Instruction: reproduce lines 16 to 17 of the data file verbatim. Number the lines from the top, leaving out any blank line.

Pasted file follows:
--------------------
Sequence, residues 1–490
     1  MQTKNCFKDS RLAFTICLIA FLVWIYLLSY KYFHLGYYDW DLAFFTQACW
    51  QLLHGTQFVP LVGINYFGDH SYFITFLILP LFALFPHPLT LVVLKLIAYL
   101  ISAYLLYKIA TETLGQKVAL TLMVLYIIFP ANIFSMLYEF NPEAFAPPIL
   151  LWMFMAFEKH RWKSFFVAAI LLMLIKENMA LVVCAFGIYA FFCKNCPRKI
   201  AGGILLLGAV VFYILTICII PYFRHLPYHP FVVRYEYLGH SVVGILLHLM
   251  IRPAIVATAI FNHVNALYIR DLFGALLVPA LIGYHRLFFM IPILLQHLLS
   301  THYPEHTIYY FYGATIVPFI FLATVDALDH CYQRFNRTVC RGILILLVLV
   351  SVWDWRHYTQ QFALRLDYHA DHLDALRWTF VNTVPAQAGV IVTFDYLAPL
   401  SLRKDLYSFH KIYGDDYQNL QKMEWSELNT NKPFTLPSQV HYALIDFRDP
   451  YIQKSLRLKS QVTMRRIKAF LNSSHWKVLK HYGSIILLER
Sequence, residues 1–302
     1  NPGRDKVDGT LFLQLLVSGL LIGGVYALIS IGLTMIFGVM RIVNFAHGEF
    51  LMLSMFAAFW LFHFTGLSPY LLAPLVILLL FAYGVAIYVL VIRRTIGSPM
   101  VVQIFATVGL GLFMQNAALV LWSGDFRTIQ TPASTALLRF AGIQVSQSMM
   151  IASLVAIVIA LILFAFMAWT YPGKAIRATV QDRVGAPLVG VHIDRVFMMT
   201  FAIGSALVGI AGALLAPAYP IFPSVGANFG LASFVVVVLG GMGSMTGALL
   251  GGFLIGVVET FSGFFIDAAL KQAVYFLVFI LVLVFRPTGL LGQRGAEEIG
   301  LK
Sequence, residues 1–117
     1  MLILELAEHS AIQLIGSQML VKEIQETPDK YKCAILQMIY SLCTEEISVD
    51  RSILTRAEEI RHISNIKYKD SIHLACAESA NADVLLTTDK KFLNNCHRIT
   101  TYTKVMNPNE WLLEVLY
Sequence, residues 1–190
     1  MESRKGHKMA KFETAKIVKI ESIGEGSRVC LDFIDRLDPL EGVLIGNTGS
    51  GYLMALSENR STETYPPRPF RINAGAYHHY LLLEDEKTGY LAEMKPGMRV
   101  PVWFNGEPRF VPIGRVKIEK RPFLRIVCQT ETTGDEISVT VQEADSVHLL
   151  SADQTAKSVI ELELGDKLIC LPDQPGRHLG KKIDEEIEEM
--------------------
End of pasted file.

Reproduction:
   151  IASLVAIVIA LILFAFMAWT YPGKAIRATV QDRVGAPLVG VHIDRVFMMT
   201  FAIGSALVGI AGALLAPAYP IFPSVGANFG LASFVVVVLG GMGSMTGALL